Thomas Cook, Britain’s oldest travel agent, was close to collapsing on Sunday night as last-ditch rescue talks looked like ending in catastrophic failure.
Sky News has learnt that the company’s creditors and the government are anticipating an announcement on Monday morning that the 178-year-old business had ceased trading – with a new Whitehall taskforce set up to address the crisis.
A final decision by Thomas Cook Group’s directors to appoint insolvency practitioners is expected to be taken in the early hours of Monday “barring a last-minute miracle”, they added.
Insiders told Sky News that the Official Receiver was expected to be involved in any insolvency process, with KPMG, the big four accountancy firm, handling the administration or liquidation of Thomas Cook’s UK tour operating division – which comprises more than 550 high street shops.
AlixPartners is expected to oversee the insolvency of the group’s airlines, with the Department for Transport and Civil Aviation Authority co-ordinating the biggest-ever peacetime repatriation of British citizens.
In total, Thomas Cook has more than 600,000 customers currently overseas, more than 160,000 of whom are from the UK.
Sources said the government was expected to launch a joint taskforce to oversee Whitehall’s response to the crisis, which will pose an immediate threat to 9000 UK-based jobs.
The fading hope of a rescue emerged hours after Thomas Cook issued a last-gasp plea to its lenders to reduce a £200m funding demand.
During talks at the City law firm Latham & Watkins on Sunday, the company asked its syndicate of lenders to substantially cut the standby funding they require to see Thomas Cook through the winter period.
Alongside the request to the lenders, credit card companies were asked to release £50m of cash they are holding as collateral against Thomas Cook holiday bookings.
They represented a frantic last throw of the dice for a company which was forced to seek more than £1bn in new funding following a £1.5bn half-year loss and deteriorating trading.
A source close to the commercial discussions said that Sunday’s talks were yet to produce meaningful progress towards a successful deal.
The government was not minded to step in to meet an urgent request from the company for financial assistance, they added.
If confirmed, the collapse of Thomas Cook will end close to two centuries of unbroken trading, in which it was a pioneer of the package holiday concept and owned other prominent brands such as Club 18-30.
It is possible that the Thomas Cook brand and some of its British jobs will be salvaged through any sale out of insolvency, although the events of recent months – with the company dogged by persistent fears over its finances – may have irreparably damaged one of the proudest names in British business.
As recently as last month, a rescue deal had appeared on the cards, with Fosun Tourism Group, the owner of Club Med, committing £450m to Thomas Cook.
Under that deal, Thomas Cook’s lenders and bondholders would have also contributed £450m, with its tour operating and airline businesses split into two companies.
In recent days, the London-listed company has explored a multitude of options to raise the remaining £200m demanded by its banking syndicate two weeks ago.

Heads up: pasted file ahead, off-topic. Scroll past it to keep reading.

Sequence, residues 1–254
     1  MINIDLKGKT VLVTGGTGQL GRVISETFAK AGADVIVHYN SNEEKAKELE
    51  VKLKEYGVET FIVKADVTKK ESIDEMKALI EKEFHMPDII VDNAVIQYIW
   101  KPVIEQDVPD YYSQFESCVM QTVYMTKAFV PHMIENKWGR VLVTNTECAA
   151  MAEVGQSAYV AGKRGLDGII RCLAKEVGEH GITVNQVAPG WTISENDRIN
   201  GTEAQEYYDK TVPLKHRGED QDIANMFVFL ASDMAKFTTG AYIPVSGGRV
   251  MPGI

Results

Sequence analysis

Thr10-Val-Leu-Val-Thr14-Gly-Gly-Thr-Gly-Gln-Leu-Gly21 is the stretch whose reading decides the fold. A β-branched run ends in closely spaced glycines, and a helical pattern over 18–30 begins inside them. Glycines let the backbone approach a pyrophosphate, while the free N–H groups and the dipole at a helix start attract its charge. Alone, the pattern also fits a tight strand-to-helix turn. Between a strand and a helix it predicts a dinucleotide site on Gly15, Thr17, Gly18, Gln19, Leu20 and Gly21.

Many of those were discounted because of insufficient time to implement them before Thomas Cook ran out of money.
Union bosses urged ministers to nationalise Thomas Cook on Sunday, arguing that the cost of doing so would be trivial in the context of the bank bailouts of 2008.
Weak trading, which company executives have partly blamed on Brexit-related uncertainty, has forced them to increase Thomas Cook’s financing requirements several times in recent months.
Sky News revealed on Thursday that Thomas Cook, which was founded in 1841, was expected to crash into administration as soon as Sunday night unless the £200m funding gap could be filled.
More than 20,000 jobs across the group are at risk if its collapse is confirmed.
Thomas Cook had already warned that it could face collapse unless it finalises a rescue deal this month, saying in a court filing last week that it “would be likely to run out of money and enter into formal insolvency proceedings” if it did not.
Some 11 million customers will have travelled with Thomas Cook by the end of the crucial summer season.
Efforts to secure its rescue have, though, been hampered by weak trading and the competing demands of financial stakeholders including its pension trustees and the holders of insurance against default on its debts.
Thomas Cook has been targeting the injection of new money from the recapitalisation by early October in order to pay hoteliers and other key suppliers.
In order to survive, it would also have needed to persuade the CAA, which administers the ATOL scheme covering travel companies, that it should renew its licence at the end of September for another 12 months.
Current trading at Thomas Cook is understood to have remained difficult for months, with the ongoing political crisis in Westminster contributing to soft consumer demand for autumn and winter bookings.
On Friday shares in Thomas Cook closed at 3.45p, more than 95% lower than at the same point last year.
The British company was founded in 1841 by a 32-year-old cabinet-maker and former Baptist preacher who began offering one-day rail excursions from Leicester to Loughborough for a shilling.
From there, it went on to become one of the world’s largest holiday companies, marking its 175th anniversary three years ago.
Thomas Cook declined to comment on Sunday evening.